If you find that you have problems with your digestive system, it could be very possible that you will need and want to consider supplementing with some quality digestive enzymes, (and this is not at all uncommon). Not to be confused with digestive enzymes that are taken with meals, proteolytic or systemic enzymes help to reverse inflammation and to do other important clean-up and healing working with the body, when taken away from meals. What I like about these Premium Digest Plus enzymes (ingedient label shown above) is that they contain both digestive, as well as, systemic enzymes! It’s a great 2 for 1 product at an affordable price, as far as enzymes go. In comparison, here is a good quality vegan formula this is used specifically as digestive enzyme support (note the required dosage and enzymes included). Here are some good reasons to take proteolytic/systemic enzymes, such as Premium Digest Plus.
Systemic Enzymes help to:
- Control inflammation throughout the body, including your joints
- Repair and rebuild the cardiovascular system
- Optimize blood flow
- Prevent and dissolve blood clots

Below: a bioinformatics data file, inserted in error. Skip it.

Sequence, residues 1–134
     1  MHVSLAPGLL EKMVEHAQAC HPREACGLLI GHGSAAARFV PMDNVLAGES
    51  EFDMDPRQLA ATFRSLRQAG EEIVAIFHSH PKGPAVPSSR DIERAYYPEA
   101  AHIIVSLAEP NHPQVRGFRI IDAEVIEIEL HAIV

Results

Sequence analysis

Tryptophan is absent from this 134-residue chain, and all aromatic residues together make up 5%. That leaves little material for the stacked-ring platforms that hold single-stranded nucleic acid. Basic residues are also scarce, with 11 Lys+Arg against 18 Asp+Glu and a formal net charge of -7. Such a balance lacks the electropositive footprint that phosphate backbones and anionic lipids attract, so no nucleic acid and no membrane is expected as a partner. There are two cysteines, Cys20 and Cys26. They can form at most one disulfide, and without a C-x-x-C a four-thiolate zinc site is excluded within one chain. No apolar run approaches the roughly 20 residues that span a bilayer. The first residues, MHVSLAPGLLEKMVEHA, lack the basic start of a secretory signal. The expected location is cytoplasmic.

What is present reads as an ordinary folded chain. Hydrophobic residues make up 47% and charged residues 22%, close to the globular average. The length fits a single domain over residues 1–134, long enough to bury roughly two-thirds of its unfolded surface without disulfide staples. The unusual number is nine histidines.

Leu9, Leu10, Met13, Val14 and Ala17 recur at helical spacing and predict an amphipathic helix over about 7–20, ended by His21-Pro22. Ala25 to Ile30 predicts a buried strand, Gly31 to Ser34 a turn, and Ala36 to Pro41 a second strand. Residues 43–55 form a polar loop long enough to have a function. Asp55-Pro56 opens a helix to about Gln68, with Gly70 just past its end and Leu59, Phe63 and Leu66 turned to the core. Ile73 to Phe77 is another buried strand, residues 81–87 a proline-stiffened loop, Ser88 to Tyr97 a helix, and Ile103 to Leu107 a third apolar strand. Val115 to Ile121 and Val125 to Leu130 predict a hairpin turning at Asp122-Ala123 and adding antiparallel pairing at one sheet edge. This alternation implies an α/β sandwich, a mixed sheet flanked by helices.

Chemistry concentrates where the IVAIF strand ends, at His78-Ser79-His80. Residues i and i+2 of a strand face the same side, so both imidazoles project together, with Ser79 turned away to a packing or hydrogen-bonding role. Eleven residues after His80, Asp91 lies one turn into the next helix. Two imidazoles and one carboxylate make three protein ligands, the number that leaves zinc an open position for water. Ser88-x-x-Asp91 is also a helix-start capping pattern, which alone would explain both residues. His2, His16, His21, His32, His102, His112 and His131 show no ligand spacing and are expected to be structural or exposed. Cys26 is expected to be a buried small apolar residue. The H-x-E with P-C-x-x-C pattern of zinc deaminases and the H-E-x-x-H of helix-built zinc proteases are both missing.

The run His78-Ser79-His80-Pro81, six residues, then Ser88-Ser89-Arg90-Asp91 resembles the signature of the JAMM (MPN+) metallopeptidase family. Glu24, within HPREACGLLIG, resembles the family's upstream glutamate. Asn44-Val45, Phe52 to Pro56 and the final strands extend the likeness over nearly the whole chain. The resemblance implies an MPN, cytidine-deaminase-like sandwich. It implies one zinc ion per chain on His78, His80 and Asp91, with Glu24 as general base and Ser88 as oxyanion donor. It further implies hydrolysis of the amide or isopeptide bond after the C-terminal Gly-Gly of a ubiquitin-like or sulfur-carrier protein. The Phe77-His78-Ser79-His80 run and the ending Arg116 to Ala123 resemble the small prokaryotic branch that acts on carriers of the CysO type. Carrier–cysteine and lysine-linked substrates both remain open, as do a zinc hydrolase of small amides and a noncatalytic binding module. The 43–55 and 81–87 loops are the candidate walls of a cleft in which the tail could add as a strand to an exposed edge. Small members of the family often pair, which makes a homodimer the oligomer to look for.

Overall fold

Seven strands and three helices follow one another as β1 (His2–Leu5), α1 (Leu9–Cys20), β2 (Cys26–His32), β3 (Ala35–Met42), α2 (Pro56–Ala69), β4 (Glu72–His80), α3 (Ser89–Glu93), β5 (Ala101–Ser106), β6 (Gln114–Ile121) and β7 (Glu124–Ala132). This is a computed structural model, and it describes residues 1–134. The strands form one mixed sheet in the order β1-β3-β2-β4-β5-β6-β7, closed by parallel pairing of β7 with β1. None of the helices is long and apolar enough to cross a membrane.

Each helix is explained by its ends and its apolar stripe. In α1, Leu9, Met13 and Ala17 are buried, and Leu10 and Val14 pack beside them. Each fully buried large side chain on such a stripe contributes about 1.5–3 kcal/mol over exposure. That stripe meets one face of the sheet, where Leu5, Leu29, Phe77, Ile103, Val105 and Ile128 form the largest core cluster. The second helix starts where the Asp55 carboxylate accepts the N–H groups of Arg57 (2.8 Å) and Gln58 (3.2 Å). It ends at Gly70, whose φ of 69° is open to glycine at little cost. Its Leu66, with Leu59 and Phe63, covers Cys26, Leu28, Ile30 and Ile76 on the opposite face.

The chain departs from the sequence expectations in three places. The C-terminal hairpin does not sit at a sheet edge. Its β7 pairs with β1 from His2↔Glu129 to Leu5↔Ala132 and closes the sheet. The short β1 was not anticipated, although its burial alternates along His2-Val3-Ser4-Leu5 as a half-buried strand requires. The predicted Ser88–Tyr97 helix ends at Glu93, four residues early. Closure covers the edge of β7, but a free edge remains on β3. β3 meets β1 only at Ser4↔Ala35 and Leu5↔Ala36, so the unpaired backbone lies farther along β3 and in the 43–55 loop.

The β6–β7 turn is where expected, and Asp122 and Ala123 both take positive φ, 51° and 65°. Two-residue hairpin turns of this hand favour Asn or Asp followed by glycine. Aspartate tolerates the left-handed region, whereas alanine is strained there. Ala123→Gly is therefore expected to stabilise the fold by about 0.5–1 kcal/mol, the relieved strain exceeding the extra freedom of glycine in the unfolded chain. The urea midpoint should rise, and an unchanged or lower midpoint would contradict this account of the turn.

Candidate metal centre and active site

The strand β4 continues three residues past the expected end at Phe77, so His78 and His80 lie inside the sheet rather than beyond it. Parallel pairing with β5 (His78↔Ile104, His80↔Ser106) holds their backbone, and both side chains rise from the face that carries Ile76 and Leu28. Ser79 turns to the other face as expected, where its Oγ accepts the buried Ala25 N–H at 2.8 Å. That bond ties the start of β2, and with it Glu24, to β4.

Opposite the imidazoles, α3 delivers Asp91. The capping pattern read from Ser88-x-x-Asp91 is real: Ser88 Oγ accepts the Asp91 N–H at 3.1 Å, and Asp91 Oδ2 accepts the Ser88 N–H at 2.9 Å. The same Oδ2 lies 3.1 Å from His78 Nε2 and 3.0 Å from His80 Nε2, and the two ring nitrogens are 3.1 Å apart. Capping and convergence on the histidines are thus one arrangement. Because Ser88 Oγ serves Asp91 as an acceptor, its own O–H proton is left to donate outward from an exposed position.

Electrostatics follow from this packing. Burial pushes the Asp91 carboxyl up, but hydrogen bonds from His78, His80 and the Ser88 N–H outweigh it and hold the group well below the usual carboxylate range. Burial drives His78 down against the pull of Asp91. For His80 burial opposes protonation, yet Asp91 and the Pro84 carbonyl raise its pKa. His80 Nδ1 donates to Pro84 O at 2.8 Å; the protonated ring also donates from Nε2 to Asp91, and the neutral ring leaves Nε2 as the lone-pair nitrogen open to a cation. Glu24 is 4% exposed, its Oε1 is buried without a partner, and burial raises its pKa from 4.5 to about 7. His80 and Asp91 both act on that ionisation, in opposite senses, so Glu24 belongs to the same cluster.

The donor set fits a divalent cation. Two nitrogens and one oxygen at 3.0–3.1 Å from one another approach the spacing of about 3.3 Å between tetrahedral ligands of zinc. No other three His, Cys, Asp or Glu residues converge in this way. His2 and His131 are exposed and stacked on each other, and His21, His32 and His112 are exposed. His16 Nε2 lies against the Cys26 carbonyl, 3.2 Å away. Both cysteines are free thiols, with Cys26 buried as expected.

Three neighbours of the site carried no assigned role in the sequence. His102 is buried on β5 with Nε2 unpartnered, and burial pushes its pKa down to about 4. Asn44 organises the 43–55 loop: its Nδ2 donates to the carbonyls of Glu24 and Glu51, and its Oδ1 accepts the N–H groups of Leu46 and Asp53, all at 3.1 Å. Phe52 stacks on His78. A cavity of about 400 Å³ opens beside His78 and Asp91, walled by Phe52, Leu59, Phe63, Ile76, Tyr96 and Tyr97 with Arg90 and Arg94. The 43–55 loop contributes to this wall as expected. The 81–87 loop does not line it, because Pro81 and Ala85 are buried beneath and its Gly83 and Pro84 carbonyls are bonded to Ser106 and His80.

- Dissolve plaque in your arteries and dental plaque in your mouth
- Clean up your immune system
- Minimize the impact of allergies
- Improve the ability to exercise and speed up recovery times
Moving on to the nuts…. What you will need in order to soak a batch of nuts is some good sea salt to add to your water and the nuts of your choice, along with a glass container of an appropriate size. I typically use canning jars of various sizes. The salt helps to activate enzymes that do their job to de-activate the enzyme inhibitors. I hope that didn’t confuse you. According to the Weston A Price Association, this “method imitates the way the native peoples in Central America treated their nuts and seeds–by soaking them in seawater and then dehydrating them.”
In a previous post, I included the handy and attractive chart below that indicates the appropriate time for soaking specific nuts, seeds, and grains. Many of them require 8 hours or overnight, but the times may vary, so always check before soaking.